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Browns' Wednesday OTA Practice: Notes and Quotes


Notes and Quotes from Wednesday's OTAs

  • The early portion of 11-on-11 drills was visibly won by the Browns defense. The linemen were sniffing out runs, the linebackers were roaming from sideline to sideline, and there were at least two interceptions by my count. Mike Pettine said he wanted competitive practices, and boy did he get them in Wednesday's OTAs. The entire defensive unit was loudly hooting and hollering following each play in their favor.
  • The most important Cleveland Brown on the field Wednesday was Donte Whitner. In between plays, the Browns' safety is constantly tutoring younger players – even linebackers and defensive linemen on where to be.
  • Wednesday's practice will probably be most remembered for the scuffle that took place between the offensive and defensive linemen. "It's a fine line and we want our guys right up to that line," Pettine said in terms of the scuffle. "It is an emotional sport. Sometimes it will trigger a response. We want our guys out there competing and that's what our game is all about."
  • Outside linebackers Jabaal Sheard, Paul Kruger and Barkevious Mingo all rotated in and out with the first-string defense. Expect it to stay that way. "I don't think you can have enough good pass rushers," Pettine said of his linebackers. "The key is to get a lead in the fourth quarter and have fresh pass rushers."

Quarterback Snapshot

  • All of Brian Hoyer's attempts Wednesday were out of the shotgun. There was a simulated pass rush with defenders not going full speed, so Hoyer could at least get a sense for the pocket collapsing, while also keeping guys away from his knee. "We wanted him to get the feel of being in the huddle, making the call, going 11-against-11, reading the full defense," said Pettine about Hoyer.
  • "Like any other rookie, he's inconsistent," Pettine said about Johnny Manziel's performance on Wednesday. "A lot of it is the mental part of it. He's more worried about getting the formation right, making sure the motions correct, he's got the cadence and he's got to worry about where guys are. Being good mechanically takes a back seat to learning the system first."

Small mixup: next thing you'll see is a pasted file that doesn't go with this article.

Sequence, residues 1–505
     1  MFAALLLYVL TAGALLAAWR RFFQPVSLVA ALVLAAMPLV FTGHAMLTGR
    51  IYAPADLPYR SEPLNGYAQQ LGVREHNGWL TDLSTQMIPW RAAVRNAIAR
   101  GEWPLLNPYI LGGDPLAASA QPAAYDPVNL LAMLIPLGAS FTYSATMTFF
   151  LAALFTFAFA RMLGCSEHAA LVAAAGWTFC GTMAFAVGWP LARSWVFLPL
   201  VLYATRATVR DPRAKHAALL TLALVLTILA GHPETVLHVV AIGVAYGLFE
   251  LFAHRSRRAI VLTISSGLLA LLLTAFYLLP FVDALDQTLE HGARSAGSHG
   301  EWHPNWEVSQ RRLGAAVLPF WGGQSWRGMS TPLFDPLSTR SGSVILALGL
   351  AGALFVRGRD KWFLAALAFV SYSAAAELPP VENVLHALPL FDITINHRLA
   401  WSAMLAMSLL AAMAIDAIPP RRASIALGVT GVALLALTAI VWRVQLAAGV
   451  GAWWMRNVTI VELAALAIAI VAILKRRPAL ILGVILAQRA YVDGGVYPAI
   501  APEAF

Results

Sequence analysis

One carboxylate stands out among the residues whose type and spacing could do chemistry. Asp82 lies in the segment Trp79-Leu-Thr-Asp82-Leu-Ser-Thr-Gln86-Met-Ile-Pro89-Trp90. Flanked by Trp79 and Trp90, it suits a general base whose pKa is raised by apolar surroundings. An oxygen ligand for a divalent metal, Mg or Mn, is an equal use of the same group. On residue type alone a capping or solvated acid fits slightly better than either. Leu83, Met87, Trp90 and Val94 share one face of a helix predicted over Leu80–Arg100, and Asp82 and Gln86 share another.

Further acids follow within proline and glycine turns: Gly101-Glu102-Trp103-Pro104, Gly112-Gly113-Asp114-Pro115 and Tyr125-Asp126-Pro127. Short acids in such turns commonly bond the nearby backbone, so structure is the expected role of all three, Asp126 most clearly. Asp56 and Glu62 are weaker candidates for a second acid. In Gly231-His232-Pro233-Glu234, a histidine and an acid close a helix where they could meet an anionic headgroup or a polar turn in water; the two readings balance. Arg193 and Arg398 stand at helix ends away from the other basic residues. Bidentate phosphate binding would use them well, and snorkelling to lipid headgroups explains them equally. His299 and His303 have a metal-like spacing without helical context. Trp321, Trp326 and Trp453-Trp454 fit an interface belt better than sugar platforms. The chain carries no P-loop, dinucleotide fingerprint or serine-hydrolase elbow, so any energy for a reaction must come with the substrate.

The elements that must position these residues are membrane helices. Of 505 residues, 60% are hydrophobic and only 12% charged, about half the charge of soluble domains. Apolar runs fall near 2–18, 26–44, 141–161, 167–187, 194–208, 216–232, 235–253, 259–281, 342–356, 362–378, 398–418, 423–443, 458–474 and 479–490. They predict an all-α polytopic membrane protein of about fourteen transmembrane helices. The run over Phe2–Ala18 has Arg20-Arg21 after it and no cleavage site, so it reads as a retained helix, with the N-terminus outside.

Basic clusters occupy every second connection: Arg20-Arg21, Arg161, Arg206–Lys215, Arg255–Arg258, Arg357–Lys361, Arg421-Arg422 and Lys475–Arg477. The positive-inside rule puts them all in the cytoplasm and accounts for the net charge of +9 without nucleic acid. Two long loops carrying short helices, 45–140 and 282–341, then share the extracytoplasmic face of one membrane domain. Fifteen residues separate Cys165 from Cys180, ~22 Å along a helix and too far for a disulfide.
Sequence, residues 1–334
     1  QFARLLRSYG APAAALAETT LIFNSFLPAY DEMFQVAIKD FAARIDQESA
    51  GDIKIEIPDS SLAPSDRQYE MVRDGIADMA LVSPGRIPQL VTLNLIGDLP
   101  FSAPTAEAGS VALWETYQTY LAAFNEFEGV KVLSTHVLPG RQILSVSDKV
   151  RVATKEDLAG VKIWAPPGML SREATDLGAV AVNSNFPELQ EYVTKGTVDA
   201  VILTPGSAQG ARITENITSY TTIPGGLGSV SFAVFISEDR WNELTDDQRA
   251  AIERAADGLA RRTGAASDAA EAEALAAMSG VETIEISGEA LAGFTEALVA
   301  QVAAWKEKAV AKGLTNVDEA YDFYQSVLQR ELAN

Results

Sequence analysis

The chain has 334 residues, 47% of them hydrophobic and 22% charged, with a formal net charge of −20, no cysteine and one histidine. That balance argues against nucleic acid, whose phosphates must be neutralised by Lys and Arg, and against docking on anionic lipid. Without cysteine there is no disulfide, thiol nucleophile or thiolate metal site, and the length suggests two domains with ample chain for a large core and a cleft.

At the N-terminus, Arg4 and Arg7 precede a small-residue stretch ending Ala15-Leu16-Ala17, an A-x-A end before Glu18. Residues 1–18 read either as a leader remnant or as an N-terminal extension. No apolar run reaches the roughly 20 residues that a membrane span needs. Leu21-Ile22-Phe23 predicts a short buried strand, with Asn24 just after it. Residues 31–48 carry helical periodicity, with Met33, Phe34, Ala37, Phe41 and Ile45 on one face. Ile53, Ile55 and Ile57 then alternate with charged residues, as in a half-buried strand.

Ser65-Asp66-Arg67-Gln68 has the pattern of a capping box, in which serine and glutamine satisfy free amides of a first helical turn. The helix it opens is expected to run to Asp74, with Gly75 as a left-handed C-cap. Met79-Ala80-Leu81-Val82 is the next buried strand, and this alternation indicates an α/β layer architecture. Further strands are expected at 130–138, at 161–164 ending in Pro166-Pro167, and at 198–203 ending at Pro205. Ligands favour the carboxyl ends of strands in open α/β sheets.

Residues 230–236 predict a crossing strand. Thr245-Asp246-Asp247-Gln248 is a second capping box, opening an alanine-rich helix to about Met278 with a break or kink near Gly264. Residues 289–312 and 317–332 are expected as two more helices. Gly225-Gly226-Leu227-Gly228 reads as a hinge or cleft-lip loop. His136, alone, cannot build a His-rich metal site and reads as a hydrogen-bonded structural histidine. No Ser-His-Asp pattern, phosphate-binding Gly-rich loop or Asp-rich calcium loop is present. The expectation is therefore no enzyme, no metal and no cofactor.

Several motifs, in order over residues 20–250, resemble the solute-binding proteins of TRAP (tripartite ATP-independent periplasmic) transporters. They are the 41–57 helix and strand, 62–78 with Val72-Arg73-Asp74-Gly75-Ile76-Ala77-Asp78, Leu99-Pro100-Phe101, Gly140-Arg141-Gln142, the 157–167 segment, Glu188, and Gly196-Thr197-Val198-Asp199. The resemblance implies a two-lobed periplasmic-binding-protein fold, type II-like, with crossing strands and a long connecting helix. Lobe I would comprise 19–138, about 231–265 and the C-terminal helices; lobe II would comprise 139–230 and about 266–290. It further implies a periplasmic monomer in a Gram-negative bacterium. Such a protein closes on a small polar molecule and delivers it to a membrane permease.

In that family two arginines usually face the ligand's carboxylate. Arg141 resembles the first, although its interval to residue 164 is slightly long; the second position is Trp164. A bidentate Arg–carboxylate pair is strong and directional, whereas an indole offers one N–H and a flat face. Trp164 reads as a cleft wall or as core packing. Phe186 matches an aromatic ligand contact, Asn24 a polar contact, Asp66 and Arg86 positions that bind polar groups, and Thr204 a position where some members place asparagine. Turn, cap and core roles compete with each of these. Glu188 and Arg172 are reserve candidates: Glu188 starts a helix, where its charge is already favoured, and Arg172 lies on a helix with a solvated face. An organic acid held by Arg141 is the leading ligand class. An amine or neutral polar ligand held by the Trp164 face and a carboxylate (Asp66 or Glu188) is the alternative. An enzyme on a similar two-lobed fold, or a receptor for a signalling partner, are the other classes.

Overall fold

• Time to squash the storyline of Johnny Manziel not having an actual written playbook at Texas A&M and how that could make his transition tougher as a rookie. "To me, that is maybe even more of a credit to how productive [Texas A&M] offenses have been," said Pettine of the challenge of memorizing game plans verbatim.
  • Brian Hoyer, Joe Thomas and Pettine all mentioned how Manziel has been more quiet than they expected, but a very solid teammate thus far, who is already putting in the extra work.
  • Much more on Hoyer's press conference coming up on

Guys that looked impressive

  • Edwin Baker – I know it's just OTAs, but Baker to me looks like by far the fastest running back out of the group. Fast certinatly doesn't translate into playing time. He's in an uphill climb with how competitive the running back position group is. But he showed some things Wednesday.
  • Anthony Armstrong – The former Redskins' receiver was a deep threat in Washington, and flashed some of those abilities. He hauled in multiple 45-yard bombs along the sidelines in one-on-one drills.
  • Billy Winn – When he was with the first unit during 11-on-11's, he was leading the pack in terms of getting into the backfield. Under defensive line coach Anthony Weaver’s guidance, the Browns could be carving out a bigger role for Winn.
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